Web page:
Improve Your Organization

Excerpt from “Crucial Conversations,” Second Edition, by Kerry Patterson, Joseph Grenny, Ron McMillan, and Al Switzler, copyright 2012, published by McGraw-Hill. Reprinted with permission.

By Kerry Patterson, Joseph Grenny, Ron McMillan, and Al Switzler

Is it possible  that  an organization’s performance could  hang  on something as soft and gushy as how individuals deal with crucial conversations?

Study after  study suggests  that  the answer  is yes.

We began our work 25  years ago looking for what we called  crucial  moments. We wondered, “Are there  a handful of moments when  someone’s  actions  disproportionately affect  key performance indicators?” And  if so,  what  are  those  moments and how should  we act when  they occur?

It  was  that  search  that  led  us  to  crucial  conversations. We found  that  more  often  than  not,  the world  changes  when people have to deal with a very risky issue and either  do it poorly or do it well. For example:

Silence  kills.  A doctor is getting  ready  to insert  a central  IV line into  a patient but  fails to put  on the  proper gloves,  gown, and  mask  to ensure  the procedure is done  as safely as possible. After the nurse reminds the doctor of the proper protections, the doctor ignores  her comment and begins the insertion. In a study of more than  7,000  doctors and  nurses, we’ve found  caregivers  face this  crucial  moment all the  time.  In fact,  84 percent of respondents  said that  they regularly  see people  taking  shortcuts, exhibiting  incompetence, or breaking rules.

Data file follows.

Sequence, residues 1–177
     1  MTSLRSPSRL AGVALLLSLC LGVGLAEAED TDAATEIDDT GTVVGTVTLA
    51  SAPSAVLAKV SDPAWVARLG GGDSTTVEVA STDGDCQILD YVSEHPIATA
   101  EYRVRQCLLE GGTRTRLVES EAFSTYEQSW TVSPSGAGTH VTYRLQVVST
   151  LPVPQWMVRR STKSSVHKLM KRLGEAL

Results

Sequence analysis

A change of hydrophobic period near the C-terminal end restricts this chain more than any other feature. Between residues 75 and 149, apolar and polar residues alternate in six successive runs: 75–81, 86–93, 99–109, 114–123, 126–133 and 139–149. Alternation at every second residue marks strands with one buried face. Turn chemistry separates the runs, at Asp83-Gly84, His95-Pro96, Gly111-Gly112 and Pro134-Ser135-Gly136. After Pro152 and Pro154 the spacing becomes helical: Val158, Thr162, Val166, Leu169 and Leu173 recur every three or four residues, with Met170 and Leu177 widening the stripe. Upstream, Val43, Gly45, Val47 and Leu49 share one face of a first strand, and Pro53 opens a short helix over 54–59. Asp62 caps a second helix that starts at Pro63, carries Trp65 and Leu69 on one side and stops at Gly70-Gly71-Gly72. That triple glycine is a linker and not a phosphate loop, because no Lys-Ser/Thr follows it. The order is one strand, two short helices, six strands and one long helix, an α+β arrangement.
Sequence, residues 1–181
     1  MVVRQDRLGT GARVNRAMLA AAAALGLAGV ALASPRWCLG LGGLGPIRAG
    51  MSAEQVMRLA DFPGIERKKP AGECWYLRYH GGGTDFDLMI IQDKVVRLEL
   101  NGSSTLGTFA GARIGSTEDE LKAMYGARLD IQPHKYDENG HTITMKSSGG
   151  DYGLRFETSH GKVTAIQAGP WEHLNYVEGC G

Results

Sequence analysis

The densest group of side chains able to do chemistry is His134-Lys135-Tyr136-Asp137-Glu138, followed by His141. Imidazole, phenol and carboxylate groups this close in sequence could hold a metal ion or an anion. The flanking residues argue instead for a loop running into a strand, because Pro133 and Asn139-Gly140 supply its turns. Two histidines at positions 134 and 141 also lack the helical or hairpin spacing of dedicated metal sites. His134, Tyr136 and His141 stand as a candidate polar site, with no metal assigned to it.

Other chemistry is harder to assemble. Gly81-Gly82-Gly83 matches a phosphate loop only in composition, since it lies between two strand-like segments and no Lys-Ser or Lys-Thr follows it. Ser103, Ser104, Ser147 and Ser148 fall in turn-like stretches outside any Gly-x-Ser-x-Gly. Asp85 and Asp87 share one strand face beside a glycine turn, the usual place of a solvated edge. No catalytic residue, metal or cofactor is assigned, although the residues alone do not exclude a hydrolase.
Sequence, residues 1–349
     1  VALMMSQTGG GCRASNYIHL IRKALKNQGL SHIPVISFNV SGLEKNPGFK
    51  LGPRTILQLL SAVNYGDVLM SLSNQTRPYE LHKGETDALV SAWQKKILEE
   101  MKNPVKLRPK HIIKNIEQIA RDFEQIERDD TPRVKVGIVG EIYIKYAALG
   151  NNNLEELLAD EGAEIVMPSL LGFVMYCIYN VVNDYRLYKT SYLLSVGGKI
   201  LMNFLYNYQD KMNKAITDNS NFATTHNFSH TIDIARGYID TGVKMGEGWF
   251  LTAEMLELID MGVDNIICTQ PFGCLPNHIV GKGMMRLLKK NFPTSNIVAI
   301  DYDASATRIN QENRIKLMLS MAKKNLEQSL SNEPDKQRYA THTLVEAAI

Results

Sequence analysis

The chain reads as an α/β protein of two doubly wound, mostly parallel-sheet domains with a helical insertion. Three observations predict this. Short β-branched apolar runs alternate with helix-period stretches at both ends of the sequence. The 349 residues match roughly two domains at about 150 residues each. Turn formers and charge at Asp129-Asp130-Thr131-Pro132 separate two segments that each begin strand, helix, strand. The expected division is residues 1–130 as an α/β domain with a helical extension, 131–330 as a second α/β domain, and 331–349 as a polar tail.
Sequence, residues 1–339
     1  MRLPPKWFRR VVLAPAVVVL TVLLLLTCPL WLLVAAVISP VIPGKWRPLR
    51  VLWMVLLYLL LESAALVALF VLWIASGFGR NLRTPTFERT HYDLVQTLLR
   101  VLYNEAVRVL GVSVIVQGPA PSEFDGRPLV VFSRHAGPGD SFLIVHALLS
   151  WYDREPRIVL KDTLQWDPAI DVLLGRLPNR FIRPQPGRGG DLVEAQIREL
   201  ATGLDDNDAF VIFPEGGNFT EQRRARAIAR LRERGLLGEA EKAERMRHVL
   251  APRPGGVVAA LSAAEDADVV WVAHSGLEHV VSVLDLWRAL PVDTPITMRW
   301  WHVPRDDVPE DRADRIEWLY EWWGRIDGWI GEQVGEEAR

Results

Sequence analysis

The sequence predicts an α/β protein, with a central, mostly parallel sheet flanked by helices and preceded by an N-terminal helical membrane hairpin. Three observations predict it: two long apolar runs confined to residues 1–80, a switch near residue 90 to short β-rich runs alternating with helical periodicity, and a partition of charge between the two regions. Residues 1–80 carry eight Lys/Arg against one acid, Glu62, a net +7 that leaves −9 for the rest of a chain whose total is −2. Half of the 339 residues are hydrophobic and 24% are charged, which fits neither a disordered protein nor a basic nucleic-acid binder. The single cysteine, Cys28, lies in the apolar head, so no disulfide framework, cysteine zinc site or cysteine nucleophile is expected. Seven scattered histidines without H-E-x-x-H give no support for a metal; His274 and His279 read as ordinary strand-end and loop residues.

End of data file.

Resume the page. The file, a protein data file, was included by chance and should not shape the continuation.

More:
And  that’s not the problem!

The  real  problem is  that  those  who  observe   deviations or infractions say nothing. Across  the  world  we’ve found  that  the odds of a nurse  speaking  up in this crucial  moment are less than 1 in 12. The odds of doctors stepping up to similar crucial conversations aren’t  much  better.

And when they don’t speak up, when they don’t hold an effective  crucial  conversation, it affects  patient safety  (some  even die), nursing  turnover, physician  satisfaction, nursing  productivity, and a host  of other  results.

Silence  fails. When  it comes to the corporate world,  the most common complaint of executives  and managers is that their people work in silos. They do great at tasks that are handled entirely within  their  team.  Unfortunately, close to 80 percent of the projects that  require cross-functional cooperation cost far more than expected,  produce  less than  hoped  for, and run significantly over budget.  We wondered why.

So  we  studied more than  2,200   projects and  programs that  had been rolled out at hundreds of organizations worldwide. The findings  were  stunning. You can predict with  nearly  90 percent accuracy  which  projects will fail—months or years  in advance. And now  back  to our  premise. The  predictor of success  or failure  was whether people  could  hold  five specific  crucial  conversations. For  example,  could  they  speak  up  if they  thought the scope and schedule  were unrealistic? Or did they go silent when a cross-functional team  member  began  sloughing  off?  Or  even more  tricky—what should  they  do  when  an executive  failed  to provide  leadership for the effort?

In most organizations, employees  fell silent when these crucial moments hit.  Fortunately, in those  organizations where  people were able to candidly  and  effectively  speak  up about  these  concerns,  the  projects were  less  than  half  as  likely  to  fail.  Once again,  the  presenting problems showed  up  in key performance indicators such  as spiraling  costs,  late  delivery  times,  and  low morale.  Nevertheless, the  underlying cause  was  the  unwillingness or inability  to speak  up at crucial  moments.

Other important studies  we’ve conducted (read  the  complete studies  at have shown that companies with employees  who are skilled at crucial  conversations: